This problem of excess synthetic ingredients was the same problem that we at Skratch Labs experienced with sports drinks – a problem that motivated the formulation of our Exercise Hydration mix. Thus, we saw an opportunity to not only improve the taste of the WHO ORS formula but to eliminate the excess chemicals used by some manufacturers of ORS. We didn’t want our kids, our loved ones, or ourselves to be drinking something when they were sick that was akin to a toxic waste dump. More importantly, we knew we could help and we wanted to help.

This hit home for us when our friend, Audie, a Peace Corp worker in Mozambique asked if we could donate some drink mix to the village she lived and worked in. What we learned from Audie was that the kids in her village wouldn’t drink the WHO formula that they were provided by relief agencies because of the taste and she needed an alternative. So when Audie’s family went to visit her in Mozambique, we sent as much high electrolyte and low sugar drink mix as they could carry for the village to try. That little trial was a huge success. Both the kids and adults loved the mix and when a number of the kids became sick with diarrhea, it proved highly effective as a remedy to treat their dehydration, not just because of the high level of electrolytes but because they actually wanted to drink it.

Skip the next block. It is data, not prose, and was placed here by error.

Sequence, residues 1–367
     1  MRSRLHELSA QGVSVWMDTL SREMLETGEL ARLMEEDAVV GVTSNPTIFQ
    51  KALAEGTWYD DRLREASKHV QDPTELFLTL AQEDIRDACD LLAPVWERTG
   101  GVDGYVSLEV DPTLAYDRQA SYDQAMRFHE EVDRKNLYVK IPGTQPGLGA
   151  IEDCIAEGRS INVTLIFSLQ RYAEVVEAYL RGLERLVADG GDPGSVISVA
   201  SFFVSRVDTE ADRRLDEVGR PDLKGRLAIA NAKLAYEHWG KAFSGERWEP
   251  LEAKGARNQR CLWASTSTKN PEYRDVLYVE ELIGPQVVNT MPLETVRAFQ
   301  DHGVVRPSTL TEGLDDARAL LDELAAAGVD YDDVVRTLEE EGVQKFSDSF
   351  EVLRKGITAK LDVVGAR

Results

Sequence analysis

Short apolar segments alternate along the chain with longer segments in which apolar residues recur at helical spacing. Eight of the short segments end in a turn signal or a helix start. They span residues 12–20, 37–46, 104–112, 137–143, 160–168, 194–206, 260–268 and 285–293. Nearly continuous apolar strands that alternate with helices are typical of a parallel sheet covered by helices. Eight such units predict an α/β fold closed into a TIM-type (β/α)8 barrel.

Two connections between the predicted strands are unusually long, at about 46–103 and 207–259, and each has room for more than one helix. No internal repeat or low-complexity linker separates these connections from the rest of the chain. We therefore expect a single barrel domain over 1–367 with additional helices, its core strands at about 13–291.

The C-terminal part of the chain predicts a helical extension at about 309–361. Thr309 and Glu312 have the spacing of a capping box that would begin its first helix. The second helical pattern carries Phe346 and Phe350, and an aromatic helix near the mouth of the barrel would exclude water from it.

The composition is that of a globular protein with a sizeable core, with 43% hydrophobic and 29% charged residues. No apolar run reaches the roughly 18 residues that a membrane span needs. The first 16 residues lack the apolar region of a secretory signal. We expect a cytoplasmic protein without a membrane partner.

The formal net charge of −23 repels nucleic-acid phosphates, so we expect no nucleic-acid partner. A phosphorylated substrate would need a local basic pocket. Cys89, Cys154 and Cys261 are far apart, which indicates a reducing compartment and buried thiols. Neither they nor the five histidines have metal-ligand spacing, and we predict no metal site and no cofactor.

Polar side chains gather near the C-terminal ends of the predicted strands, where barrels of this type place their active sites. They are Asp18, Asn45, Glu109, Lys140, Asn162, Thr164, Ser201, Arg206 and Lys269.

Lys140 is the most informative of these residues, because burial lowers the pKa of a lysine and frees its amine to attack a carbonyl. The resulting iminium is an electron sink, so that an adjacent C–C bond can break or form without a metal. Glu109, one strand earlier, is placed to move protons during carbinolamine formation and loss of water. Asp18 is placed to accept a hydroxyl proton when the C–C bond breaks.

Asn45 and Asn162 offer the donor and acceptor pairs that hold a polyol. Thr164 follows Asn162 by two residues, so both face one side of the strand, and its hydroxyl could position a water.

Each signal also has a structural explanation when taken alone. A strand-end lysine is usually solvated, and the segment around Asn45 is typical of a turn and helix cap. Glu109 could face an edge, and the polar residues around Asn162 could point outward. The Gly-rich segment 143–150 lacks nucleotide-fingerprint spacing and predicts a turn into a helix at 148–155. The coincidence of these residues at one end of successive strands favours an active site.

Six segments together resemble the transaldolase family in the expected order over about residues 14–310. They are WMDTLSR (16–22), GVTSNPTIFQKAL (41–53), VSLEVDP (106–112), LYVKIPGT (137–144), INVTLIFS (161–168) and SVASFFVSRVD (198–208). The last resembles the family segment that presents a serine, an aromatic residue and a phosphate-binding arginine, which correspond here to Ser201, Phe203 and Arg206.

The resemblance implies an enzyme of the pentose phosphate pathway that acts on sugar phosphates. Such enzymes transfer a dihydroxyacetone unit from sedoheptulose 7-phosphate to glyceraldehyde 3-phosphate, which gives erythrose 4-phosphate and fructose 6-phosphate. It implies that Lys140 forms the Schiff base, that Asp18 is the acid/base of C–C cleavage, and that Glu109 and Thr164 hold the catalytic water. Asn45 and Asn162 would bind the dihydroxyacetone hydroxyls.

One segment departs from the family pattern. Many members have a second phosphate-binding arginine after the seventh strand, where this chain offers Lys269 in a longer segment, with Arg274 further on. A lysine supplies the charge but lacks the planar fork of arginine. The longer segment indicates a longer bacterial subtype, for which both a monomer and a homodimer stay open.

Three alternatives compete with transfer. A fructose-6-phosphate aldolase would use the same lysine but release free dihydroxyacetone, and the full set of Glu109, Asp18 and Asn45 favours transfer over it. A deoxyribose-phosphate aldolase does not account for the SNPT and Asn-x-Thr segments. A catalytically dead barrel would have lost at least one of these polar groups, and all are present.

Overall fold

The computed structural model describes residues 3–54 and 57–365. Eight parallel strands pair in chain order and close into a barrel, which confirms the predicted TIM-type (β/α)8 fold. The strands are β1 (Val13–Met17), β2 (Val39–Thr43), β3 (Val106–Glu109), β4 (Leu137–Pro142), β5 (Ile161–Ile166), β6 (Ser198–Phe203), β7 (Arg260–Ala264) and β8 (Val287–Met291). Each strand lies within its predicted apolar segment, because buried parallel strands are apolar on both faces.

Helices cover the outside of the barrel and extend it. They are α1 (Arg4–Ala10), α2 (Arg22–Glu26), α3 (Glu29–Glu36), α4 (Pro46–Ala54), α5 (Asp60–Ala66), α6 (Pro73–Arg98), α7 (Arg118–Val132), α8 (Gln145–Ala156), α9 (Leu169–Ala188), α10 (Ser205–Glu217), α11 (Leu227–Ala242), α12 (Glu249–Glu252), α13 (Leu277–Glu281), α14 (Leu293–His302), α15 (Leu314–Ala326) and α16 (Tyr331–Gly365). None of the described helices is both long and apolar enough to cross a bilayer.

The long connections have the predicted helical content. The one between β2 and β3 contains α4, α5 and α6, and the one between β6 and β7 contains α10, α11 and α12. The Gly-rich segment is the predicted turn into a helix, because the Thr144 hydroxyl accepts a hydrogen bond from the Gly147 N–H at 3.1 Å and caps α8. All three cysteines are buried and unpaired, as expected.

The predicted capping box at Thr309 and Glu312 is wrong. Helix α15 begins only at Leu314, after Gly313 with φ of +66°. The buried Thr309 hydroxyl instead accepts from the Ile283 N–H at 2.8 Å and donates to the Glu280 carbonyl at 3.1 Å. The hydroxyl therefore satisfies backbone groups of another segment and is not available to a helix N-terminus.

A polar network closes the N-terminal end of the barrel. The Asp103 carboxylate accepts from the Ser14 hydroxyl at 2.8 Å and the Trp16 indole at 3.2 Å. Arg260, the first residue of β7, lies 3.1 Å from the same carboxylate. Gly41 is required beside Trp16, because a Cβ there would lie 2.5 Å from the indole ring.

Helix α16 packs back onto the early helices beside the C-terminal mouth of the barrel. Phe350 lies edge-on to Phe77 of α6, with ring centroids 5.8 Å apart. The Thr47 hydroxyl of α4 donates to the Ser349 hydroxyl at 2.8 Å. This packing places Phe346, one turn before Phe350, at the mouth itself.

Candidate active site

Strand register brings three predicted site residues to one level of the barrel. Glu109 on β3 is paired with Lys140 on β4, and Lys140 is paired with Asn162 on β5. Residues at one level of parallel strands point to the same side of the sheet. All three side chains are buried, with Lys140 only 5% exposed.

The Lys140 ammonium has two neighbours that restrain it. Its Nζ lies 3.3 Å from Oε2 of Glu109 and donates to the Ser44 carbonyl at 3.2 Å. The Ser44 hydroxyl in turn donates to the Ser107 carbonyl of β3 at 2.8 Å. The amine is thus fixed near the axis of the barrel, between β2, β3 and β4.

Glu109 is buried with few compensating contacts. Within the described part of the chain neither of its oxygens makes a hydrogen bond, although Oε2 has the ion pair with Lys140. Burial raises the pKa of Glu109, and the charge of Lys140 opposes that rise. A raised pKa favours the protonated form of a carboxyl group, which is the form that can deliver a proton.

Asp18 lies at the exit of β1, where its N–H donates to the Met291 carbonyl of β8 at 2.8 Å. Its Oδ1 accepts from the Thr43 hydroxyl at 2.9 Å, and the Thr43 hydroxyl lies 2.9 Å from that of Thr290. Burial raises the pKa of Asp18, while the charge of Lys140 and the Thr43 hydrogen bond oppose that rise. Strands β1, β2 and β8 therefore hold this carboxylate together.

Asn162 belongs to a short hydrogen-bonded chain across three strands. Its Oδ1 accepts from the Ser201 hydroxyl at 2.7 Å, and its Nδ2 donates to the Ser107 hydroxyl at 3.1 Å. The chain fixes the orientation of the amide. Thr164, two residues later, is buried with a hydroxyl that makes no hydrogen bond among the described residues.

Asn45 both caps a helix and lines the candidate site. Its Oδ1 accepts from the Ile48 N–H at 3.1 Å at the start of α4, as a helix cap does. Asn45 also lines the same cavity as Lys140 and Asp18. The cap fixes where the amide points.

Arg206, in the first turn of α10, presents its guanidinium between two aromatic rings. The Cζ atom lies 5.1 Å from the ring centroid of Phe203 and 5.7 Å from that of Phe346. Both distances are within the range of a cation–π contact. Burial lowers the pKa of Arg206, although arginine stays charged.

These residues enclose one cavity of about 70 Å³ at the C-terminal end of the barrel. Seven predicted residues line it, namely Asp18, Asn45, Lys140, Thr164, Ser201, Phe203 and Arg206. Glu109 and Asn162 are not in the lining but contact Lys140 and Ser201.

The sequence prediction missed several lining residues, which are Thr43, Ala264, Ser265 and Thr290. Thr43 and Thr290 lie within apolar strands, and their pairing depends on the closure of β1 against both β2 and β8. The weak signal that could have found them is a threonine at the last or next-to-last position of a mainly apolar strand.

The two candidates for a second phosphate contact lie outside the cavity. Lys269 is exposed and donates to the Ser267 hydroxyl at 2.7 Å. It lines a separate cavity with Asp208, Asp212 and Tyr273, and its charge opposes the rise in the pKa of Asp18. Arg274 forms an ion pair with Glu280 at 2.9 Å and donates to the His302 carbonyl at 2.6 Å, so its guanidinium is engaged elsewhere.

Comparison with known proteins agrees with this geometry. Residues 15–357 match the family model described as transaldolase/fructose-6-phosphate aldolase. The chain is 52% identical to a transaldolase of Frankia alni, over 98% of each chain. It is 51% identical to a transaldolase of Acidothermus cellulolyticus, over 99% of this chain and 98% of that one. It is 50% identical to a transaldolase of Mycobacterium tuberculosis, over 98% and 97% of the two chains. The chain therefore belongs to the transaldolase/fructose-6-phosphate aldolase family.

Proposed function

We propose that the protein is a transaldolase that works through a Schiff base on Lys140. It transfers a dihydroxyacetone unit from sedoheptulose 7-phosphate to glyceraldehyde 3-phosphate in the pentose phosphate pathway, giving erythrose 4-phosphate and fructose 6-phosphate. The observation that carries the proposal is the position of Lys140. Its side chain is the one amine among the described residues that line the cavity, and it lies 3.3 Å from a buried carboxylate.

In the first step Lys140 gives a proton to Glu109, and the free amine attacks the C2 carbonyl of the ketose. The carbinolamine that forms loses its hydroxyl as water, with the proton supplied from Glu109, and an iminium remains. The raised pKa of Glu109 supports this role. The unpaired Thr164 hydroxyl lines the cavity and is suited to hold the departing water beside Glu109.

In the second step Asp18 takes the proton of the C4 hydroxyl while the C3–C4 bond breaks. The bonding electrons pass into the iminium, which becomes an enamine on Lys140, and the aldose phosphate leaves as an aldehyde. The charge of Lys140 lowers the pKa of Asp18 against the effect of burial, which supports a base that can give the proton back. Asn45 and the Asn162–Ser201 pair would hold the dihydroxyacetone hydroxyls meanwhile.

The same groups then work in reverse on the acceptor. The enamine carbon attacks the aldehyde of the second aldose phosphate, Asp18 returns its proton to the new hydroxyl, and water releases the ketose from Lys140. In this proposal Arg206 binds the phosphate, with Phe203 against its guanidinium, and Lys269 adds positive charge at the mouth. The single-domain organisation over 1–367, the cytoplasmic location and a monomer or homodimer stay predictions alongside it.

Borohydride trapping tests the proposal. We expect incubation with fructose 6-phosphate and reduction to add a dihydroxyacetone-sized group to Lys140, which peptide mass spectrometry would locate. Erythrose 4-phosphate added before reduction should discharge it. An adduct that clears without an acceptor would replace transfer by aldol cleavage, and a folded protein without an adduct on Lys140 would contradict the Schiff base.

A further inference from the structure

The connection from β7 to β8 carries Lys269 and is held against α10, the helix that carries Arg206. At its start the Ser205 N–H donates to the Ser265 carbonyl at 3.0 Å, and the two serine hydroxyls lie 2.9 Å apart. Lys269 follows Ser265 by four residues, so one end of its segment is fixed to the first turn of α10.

That experience pushed us to consciously formulate a product that more closely met the guidelines set forth by the WHO. In doing so, we learned that the formula recommended by the WHO was a balance between cost and efficacy. It’s a formula that not only has clinical relevance; it’s a formula that also has to be made cheaply in developing countries. Not bound by cost, we decided to make a formula that met the WHO guidelines but that used more of the very expensive and preferable citrate based salts like sodium citrate and potassium citrate instead of relying on cheaper chloride based salts like sodium chloride and potassium chloride. We had previously discovered that, for some athletes, high amounts of chloride could be irritating to the gut when we used those salts to make our sports drink. We also focused on the taste of our formula using real fruit for flavor and a ratio of cane sugar and glucose that helped improve the taste and enhance the absorption of sugars (6).